Swapping classrooms for military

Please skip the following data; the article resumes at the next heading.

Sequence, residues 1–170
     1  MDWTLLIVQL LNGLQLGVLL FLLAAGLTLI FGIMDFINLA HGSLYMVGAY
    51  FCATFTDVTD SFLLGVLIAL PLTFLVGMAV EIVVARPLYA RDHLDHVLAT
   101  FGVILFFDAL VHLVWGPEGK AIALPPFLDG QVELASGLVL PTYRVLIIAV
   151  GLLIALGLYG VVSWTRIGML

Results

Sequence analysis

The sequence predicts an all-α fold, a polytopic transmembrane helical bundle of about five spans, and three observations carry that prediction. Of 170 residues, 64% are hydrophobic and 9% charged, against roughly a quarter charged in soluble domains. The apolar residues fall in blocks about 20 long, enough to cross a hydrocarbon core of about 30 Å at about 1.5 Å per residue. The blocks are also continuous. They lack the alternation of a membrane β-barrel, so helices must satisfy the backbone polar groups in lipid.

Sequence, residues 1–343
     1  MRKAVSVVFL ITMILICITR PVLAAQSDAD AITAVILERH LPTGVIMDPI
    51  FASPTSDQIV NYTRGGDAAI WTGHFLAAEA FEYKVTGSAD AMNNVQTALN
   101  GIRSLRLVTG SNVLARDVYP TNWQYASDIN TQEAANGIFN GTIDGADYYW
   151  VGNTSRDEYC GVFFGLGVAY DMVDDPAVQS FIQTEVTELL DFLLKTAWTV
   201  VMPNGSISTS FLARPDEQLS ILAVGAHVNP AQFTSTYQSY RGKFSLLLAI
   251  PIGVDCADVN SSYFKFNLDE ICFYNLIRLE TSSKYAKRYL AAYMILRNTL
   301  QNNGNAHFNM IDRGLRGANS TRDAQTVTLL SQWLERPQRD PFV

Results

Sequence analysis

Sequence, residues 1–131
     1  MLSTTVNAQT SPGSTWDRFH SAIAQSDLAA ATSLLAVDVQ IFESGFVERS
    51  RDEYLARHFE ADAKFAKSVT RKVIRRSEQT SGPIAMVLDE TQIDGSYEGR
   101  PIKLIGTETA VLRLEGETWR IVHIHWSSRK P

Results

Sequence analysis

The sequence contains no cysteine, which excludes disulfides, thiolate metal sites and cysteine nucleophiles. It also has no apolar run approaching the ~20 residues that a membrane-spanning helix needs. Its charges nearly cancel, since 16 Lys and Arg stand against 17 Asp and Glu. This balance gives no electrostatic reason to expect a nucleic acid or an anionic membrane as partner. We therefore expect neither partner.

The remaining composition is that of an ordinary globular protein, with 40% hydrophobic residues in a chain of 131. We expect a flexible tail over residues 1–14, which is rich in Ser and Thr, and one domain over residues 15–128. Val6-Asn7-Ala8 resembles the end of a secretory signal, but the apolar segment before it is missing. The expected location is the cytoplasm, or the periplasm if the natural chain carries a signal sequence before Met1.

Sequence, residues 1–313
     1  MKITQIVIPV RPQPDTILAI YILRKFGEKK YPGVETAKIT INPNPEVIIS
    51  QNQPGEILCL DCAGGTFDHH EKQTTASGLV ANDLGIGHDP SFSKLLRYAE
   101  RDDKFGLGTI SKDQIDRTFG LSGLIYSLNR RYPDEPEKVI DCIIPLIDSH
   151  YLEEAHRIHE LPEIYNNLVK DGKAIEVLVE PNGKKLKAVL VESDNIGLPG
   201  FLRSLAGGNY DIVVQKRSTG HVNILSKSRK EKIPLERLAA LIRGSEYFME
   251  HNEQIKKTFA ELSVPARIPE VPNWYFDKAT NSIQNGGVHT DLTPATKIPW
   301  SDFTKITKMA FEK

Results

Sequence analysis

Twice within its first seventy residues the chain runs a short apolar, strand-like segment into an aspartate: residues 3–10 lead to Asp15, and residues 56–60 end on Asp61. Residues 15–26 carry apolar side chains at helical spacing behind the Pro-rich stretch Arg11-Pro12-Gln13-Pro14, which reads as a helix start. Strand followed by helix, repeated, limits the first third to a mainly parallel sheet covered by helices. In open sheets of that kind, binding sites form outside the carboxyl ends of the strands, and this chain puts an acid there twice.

first_img AD Quality Auto 360p 720p 1080p Top articles1/5READ MORE11 theater productions to see in Southern California this week, Dec. 27-Jan. 2Hart High School counselor Mario Mercado said that three students are headed for the Air Force, three to the Army, two to the Navy and seven are joining the Marines. Several Canyon High graduates are joining the Army, including Sanford Jones, Greg Thompson, Garrett Gordon, Bobby Brown, Jennifer Restivo and Danny Brutz. Cameron Beckett is headed for the Air Force Academy and Tyler Hawkins has earned an appointment to the Naval Academy at Annapolis. Ilene Blok at Saugus High said that senior Brett Santana is headed for the Air Force Academy and Robert Doyle is going to the West Point Naval Academy; in addition, joining the Army will be Richard Burns and Armen DerNersesian. An honors student at College of the Canyons is even getting into the mix. Christopher Marcial’s parents wanted him to be a “professional student” and made him a deal to help him succeed in college after graduating last year from Hart High. In lieu of working his way through college, the Marcials offered to pay Christopher what he would make if he took an entry-level job – on the condition that he work hard at school. On June 8, Marcial is set to graduate with honors from College of the Canyons at the age of 18, having achieved his two-year degree in biology. But Marcial plans to take a diversion from school for a little bit. He starts Marine boot camp on June 18. “I’ve been thinking about it since I was about 15 or 16,” he said. “I feel lucky to be an American and feel like it’s my duty to serve. This country has given a lot to us and to my family.” Asked how he feels about the situation in the Middle East, Marcial hesitated slightly. “I’m real patriotic, I feel if I was sent to serve there, I think that freedom does need to be experienced by other countries. As Americans we have a responsibility to spread freedom because we are so blessed with it. “I’ve seen videos of people in Iraq and people dying; that kind of thing can happen to anyone in the military and it makes me scared, but if that’s what I need to do for us, it needs to be done. I’m excited about the challenge of becoming a Marine and traveling to see other places in the world.” Thompson, who will be trained in interrogation techniques that he hopes will lead to a career with the Central Intelligence Agency, said that he is carrying on a military legacy handed down from his grandfather. “My mother is anxious,” he said, referring to the conflict he might join in Iraq. “I was in ROTC for three-and-a-half years and a lot of my friends also signed up. I know one of them wanted to do something better with his life.” Jones, who hopes to become an airborne ranger, will ship out Aug. 1 and is looking forward to a new adventure. “It sounded like fun,” he said. “A lot of my friends say I’m gonna die, but I tell them everyone has to die sometime, that’s inevitable. My parents are happy and supportive.” Jones, who credits his military inspiration to friend and fellow Canyon student Ricardo Chinchilla, who served as an airborne ranger, is the first in his family to join the military, much to the delight of his younger brothers. He describes his sister as “neutral” on the issue. “She’s trying to put up a brave front for me,” he said. [email protected] (661)257-5252160Want local news?Sign up for the Localist and stay informed Something went wrong. Please try again.subscribeCongratulations! You’re all set! SANTA CLARITA – Despite increasing casualties in Iraq and the war’s growing unpopularity, the graduating class of 2006 is stepping up to serve its country. Over the last four years, an average of 4 percent of local high school graduates have enlisted in the military around graduation time, according to the William S. Hart Union High School District. This year’s figures aren’t in yet, but several students are headed for boot camp – and quite possibly, to war. At Bowman High School, nearly 20 students have signed up and either have taken basic training or are ready to go in, according to counselor Suzy Mansfield. last_img

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